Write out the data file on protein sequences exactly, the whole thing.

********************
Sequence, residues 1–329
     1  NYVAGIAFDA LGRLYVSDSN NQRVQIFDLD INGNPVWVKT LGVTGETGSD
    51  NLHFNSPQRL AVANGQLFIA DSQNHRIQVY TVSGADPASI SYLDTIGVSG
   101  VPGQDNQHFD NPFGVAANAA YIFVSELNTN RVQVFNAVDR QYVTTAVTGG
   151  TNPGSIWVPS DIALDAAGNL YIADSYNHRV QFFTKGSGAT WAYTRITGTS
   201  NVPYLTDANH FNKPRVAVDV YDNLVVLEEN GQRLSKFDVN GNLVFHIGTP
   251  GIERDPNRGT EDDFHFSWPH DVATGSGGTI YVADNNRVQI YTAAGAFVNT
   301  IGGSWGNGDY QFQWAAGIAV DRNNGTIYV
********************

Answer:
Sequence, residues 1–329
     1  NYVAGIAFDA LGRLYVSDSN NQRVQIFDLD INGNPVWVKT LGVTGETGSD
    51  NLHFNSPQRL AVANGQLFIA DSQNHRIQVY TVSGADPASI SYLDTIGVSG
   101  VPGQDNQHFD NPFGVAANAA YIFVSELNTN RVQVFNAVDR QYVTTAVTGG
   151  TNPGSIWVPS DIALDAAGNL YIADSYNHRV QFFTKGSGAT WAYTRITGTS
   201  NVPYLTDANH FNKPRVAVDV YDNLVVLEEN GQRLSKFDVN GNLVFHIGTP
   251  GIERDPNRGT EDDFHFSWPH DVATGSGGTI YVADNNRVQI YTAAGAFVNT
   301  IGGSWGNGDY QFQWAAGIAV DRNNGTIYV